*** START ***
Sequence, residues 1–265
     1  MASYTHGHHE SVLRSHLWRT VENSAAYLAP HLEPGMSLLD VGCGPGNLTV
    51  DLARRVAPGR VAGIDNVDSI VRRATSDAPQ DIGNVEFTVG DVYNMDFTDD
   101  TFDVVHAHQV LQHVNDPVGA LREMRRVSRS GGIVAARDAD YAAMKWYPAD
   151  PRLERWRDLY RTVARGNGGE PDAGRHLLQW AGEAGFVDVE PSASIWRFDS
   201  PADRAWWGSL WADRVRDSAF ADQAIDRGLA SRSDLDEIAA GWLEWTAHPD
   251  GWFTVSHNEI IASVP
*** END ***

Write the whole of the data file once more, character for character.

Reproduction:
Sequence, residues 1–265
     1  MASYTHGHHE SVLRSHLWRT VENSAAYLAP HLEPGMSLLD VGCGPGNLTV
    51  DLARRVAPGR VAGIDNVDSI VRRATSDAPQ DIGNVEFTVG DVYNMDFTDD
   101  TFDVVHAHQV LQHVNDPVGA LREMRRVSRS GGIVAARDAD YAAMKWYPAD
   151  PRLERWRDLY RTVARGNGGE PDAGRHLLQW AGEAGFVDVE PSASIWRFDS
   201  PADRAWWGSL WADRVRDSAF ADQAIDRGLA SRSDLDEIAA GWLEWTAHPD
   251  GWFTVSHNEI IASVP